8 October 2013
Daniel Stempfer ◆◆◆◆◆@gmail.com TO: Turistbyråerna Strängnäs-Mariefred (◆◆◆◆◆@strangnas.se)
my name is Daniel Stempfer, I'm from Frankfurt/Main, Germany and I consider myself a part-time archaeologist.
Over the last couple of years I developed an interest in something I like to call the 'afterlife of inanimate objects'. At the moment I'm collecting material for a project with the working title NOTHING IS SET IN STONE. The title might change but it will refer to an anthology of human-made structures whose form and/or purpose got altered at a time well past their completion through appropriations that were unforeseeable during their conception.
For a while now I've been hearing rumors about a sundial near Mariefred that dates back to the sixteenth century and has in recent years been advanced to daylight savings time every March and set back to 'normal time' every October. At least one person claims to have actually seen workers bring heavy machinery to slightly rotate this allegedly big and heavy stone structure to shift its time by one hour.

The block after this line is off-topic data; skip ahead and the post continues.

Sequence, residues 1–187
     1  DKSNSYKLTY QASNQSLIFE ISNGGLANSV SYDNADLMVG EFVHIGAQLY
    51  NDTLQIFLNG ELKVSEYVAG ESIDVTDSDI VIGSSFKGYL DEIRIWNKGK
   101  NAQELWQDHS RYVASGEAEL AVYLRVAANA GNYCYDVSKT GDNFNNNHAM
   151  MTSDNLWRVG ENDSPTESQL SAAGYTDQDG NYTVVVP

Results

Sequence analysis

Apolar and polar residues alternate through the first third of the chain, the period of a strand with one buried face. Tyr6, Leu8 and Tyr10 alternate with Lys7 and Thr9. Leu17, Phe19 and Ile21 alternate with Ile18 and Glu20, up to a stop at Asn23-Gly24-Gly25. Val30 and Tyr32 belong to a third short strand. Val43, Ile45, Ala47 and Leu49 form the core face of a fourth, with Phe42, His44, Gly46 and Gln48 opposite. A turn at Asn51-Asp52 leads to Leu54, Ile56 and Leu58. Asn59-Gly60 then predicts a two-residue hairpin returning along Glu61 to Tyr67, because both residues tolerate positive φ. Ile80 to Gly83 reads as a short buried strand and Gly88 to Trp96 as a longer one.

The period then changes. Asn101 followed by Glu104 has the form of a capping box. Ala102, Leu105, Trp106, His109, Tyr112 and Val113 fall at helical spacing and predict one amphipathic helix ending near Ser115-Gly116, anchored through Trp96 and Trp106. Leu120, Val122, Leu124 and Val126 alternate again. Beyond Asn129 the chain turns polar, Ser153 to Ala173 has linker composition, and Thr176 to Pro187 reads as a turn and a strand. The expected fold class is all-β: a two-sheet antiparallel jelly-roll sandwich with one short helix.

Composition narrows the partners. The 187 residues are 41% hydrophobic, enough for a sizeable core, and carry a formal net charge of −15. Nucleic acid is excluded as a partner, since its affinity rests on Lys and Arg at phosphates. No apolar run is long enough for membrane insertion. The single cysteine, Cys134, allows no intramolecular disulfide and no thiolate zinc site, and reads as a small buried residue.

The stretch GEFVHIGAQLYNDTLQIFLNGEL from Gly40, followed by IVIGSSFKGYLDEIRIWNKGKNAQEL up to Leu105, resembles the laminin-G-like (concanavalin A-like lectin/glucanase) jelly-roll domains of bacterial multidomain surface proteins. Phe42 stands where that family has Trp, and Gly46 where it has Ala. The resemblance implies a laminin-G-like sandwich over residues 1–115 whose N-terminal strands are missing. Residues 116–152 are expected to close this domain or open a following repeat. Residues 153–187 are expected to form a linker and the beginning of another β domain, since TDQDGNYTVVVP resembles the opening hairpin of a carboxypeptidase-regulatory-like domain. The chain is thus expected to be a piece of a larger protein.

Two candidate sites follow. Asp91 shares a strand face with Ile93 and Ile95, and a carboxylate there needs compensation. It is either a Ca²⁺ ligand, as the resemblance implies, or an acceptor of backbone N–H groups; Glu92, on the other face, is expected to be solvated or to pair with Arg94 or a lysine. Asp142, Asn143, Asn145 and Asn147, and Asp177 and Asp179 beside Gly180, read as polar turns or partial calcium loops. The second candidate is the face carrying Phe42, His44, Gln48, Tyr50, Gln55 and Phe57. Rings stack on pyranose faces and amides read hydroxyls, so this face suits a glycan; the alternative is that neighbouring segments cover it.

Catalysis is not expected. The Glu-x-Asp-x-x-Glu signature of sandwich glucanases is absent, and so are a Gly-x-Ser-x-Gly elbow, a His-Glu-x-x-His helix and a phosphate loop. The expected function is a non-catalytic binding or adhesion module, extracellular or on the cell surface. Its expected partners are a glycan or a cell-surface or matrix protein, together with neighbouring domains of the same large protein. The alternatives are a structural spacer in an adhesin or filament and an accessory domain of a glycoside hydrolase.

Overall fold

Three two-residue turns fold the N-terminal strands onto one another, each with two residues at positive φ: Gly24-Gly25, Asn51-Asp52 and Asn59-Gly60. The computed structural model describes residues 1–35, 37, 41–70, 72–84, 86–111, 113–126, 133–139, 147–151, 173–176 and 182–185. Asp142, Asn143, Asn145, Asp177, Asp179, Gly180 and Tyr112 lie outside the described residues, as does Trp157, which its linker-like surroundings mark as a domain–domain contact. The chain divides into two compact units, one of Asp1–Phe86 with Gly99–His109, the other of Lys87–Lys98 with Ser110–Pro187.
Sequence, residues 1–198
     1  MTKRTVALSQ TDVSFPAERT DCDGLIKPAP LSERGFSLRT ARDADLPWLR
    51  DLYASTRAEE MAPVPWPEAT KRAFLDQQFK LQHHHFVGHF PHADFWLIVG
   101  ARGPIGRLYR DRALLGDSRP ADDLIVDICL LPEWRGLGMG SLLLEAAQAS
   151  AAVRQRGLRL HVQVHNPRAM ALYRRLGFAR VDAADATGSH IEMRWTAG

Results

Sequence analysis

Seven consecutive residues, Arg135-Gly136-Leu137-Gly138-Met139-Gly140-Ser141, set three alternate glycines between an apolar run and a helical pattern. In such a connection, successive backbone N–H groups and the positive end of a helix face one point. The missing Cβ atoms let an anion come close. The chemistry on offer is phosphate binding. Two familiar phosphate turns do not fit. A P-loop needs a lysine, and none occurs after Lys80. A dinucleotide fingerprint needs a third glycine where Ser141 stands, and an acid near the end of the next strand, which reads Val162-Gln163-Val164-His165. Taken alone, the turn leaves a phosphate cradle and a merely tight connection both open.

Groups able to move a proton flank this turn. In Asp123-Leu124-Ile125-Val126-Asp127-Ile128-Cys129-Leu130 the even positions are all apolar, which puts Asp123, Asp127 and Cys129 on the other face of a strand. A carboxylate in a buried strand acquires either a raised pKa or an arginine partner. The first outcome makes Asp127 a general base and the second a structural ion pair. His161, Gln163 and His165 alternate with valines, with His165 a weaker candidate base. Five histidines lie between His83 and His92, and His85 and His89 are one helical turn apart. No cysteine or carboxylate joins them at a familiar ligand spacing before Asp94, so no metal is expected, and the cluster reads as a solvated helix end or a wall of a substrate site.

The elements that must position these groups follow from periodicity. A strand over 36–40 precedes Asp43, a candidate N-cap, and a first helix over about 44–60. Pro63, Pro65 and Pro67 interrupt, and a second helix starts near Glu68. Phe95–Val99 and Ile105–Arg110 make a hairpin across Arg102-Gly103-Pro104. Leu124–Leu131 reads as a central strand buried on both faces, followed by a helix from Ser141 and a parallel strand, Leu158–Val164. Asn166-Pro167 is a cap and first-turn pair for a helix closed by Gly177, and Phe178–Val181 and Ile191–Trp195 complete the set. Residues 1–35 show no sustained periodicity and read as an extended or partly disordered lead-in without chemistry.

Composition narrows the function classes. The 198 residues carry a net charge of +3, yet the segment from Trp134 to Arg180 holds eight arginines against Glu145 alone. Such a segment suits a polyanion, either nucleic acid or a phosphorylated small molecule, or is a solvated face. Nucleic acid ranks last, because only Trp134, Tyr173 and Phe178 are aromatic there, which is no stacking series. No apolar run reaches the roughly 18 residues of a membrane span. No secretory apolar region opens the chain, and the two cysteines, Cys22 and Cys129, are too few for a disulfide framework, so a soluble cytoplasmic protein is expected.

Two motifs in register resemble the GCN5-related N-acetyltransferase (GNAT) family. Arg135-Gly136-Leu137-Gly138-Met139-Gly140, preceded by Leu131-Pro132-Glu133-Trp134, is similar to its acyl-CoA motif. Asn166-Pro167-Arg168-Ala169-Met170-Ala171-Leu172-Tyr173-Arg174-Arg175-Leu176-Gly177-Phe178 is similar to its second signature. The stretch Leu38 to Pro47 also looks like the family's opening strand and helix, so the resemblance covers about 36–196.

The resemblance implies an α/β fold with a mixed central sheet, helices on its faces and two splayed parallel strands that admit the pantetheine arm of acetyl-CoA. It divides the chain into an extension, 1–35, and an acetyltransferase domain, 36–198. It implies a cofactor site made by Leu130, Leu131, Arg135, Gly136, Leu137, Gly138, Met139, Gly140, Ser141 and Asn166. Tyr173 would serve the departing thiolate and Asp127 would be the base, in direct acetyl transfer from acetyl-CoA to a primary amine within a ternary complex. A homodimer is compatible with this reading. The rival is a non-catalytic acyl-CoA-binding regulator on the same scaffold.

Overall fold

I've never had the chance to see the sundial but I was told to contact the Mariefred Tourist Office for more information.
The main question is of course: does this sundial exist? And if so, does the shift happen this October? And if so, would it be ok if I'd be there to document the procedure with a video camera?
The material will most likely end up as one episode in a longer documentary film, but nothing is set in stone yet.
(Now that I think of it: usually the shift happens at 1am but I guess it doesn't make sense to alter a sundial at night. So when exactly does the shift happen then?)
Kind regards and thanks for your help,